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RE: Success criteria speak for themselves

From: Jonathan Avila <jon.avila@ssbbartgroup.com>
Date: Wed, 19 Feb 2014 19:45:17 -0500
Message-ID: <cdb5ba22374edfe942d3f29ccc28ab7b@mail.gmail.com>
To: Ramón Corominas <listas@ramoncorominas.com>, w3c-wai-ig@w3.org
[Ramon wrote] or low vision users could simply not change the designer's
interface and also receive the visual info

This is a very sad but familiar comment that we hear.  The fact is people
with low vision need to change the display aspects of the interface to
have equal access -- a civil right in many countries -- to information and
communication technology.  That may mean increasing the size of the text,
or changing individual display attributes of the text.  If a user with low
vision decides to change the visual appearance of headings they would have
access to the heading levels and thus the hierarchy structure of the
document.  Granted HTML5 heading methods do cause some issues in this area
-- but that is an item that was overlooked and I believe can be addressed.

Aria-labels are of no use for users with low vision because they are not
exposed by user agents to people who aren't using screen readers. Ideally,
heading levels by themselves would communicate the proper information
without requiring the user to see certain styles.  I believe one of the
main points of HTML is to provide document structure that is separate from
presentation.  The web is not one size fits all -- its one size fits one.


-----Original Message-----
From: Ramón Corominas [mailto:listas@ramoncorominas.com]
Sent: Wednesday, February 19, 2014 5:49 PM
To: w3c-wai-ig@w3.org
Cc: w3c-wai-ig@w3.org
Subject: Re: Success criteria speak for themselves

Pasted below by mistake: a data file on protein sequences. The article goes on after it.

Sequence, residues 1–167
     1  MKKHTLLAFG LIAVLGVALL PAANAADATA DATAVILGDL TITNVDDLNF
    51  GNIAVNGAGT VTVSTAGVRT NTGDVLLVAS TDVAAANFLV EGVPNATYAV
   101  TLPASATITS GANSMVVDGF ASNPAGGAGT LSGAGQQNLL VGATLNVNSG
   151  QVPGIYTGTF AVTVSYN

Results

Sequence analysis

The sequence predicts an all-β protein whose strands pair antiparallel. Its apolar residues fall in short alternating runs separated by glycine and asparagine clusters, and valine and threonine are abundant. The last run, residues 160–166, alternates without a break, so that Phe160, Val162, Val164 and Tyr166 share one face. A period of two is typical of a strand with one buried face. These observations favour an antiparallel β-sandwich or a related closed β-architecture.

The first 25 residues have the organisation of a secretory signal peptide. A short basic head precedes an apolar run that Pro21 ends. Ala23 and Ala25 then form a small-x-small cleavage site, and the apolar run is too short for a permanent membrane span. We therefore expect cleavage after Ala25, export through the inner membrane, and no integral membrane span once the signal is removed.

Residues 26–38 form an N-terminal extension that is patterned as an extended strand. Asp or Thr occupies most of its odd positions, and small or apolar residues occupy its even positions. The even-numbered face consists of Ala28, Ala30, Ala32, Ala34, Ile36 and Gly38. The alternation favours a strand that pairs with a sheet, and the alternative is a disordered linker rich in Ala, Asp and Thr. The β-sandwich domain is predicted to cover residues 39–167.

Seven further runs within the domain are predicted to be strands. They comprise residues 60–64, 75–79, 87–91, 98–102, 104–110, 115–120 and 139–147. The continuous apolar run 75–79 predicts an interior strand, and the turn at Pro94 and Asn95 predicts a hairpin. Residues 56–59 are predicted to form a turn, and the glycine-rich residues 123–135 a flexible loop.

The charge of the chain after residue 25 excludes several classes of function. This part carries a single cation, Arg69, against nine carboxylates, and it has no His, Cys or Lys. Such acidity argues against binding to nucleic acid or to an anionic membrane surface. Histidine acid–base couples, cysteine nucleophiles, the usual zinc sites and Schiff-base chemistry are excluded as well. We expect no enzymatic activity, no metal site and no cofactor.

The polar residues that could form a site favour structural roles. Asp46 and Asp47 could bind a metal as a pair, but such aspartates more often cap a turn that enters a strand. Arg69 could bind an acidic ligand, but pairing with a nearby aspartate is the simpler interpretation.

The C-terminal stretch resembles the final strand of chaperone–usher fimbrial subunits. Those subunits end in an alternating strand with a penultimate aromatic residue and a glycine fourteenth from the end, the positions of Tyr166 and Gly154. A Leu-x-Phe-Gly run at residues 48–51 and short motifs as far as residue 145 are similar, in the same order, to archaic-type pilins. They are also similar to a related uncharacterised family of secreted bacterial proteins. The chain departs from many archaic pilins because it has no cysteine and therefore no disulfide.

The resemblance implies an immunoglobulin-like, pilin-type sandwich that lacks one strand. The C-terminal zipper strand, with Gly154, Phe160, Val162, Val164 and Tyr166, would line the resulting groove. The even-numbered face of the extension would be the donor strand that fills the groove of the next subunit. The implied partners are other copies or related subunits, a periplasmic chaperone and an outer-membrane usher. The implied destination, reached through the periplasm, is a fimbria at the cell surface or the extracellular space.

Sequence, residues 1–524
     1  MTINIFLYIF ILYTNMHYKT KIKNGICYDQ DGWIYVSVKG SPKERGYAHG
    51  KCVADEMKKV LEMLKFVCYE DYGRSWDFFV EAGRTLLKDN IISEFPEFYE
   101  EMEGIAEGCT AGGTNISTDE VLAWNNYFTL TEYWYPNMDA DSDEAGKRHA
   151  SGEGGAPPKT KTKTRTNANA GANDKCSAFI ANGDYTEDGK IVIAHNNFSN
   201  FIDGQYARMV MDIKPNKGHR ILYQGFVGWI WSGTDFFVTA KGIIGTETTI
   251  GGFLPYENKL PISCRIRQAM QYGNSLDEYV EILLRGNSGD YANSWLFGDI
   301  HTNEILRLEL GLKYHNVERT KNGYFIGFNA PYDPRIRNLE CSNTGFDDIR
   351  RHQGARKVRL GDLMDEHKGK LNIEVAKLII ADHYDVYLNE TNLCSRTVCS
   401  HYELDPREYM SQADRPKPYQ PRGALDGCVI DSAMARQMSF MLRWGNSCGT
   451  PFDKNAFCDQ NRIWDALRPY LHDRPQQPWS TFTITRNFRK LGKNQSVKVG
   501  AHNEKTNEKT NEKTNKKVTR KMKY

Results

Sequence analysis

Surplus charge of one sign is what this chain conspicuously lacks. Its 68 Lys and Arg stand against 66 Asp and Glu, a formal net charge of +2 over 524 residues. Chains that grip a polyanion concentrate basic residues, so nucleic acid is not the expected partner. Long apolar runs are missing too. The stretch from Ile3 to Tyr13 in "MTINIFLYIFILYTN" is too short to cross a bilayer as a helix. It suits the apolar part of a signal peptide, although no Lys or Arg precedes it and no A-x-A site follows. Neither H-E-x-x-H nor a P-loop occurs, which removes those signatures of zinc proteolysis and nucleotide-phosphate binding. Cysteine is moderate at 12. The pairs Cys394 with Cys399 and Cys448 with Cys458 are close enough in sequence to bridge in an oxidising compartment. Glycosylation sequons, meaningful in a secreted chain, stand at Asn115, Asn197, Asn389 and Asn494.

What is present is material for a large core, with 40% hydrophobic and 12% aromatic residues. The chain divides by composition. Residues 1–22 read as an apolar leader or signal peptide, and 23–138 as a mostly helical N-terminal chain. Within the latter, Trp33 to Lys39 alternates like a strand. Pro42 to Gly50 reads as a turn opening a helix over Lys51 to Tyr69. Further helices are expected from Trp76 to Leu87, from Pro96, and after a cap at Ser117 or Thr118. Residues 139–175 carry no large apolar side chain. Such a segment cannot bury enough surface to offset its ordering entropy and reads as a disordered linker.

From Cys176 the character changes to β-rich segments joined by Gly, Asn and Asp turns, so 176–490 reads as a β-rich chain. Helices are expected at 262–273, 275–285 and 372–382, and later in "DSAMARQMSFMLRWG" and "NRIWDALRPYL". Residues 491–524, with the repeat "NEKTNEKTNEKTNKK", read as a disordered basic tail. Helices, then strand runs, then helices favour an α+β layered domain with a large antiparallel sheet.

Hi, Wayne and all,

Semantics != programmatically determinable Sighted user != blind user !=
low vision user

What I mean with these two expressions is that there is no way to
completely translate visual interfaces to HTML semantics. Maybe some UI
components have a more-or-less equivlante, but in most cases the
translation is more a metaphor than a real equivalent.

In this particular case maybe there is an element that could give more
semantics and a similar information, but blind users could also identify
the "italics" using reading schemes in JAWS, for example, or low vision
users could simply not change the designer's interface and also receive
the visual info. Indeed, most sighted users do not receive "this is a term
with a definition in this paragraph", they must follow an intellectual
reasoning to discover that the word in italics is the defined term of the
paragraph once they finish reading it.

Moreover, if we consider that the "determinism" is lost just because the
user is able to customize the styles overriding the designer's preference,
then we have a real problem with determinism. Some examples:

What if the user decides to style lists and list elements with custom
styles? Then the user will probably lose the difference between the main
menu, the toolbars, the sidebar, the footer, a list within the content,
social network buttons, etc. However, these navigation structures could
have proper navigation roles and @aria-label attributes to identify each
type of list. Theoretically, the user is just translating "lists" into his
own concept of what a list should look like, but he is also destroying the
visual clues.

Or what if the user decides to style headings with a particular font size
and colour? It is possible that the page is based in HTML5 and every
heading is an <h1>. Even if the user implements somehow the HTML5 Outline
algorythm, it is possible that the visual aspect of the page does not
really convey the intended visual structure (which can be also conveyed to
a screen reader user through sections and @aria-label).

Yes, semantics *could* help in the determinism, but they are not *the*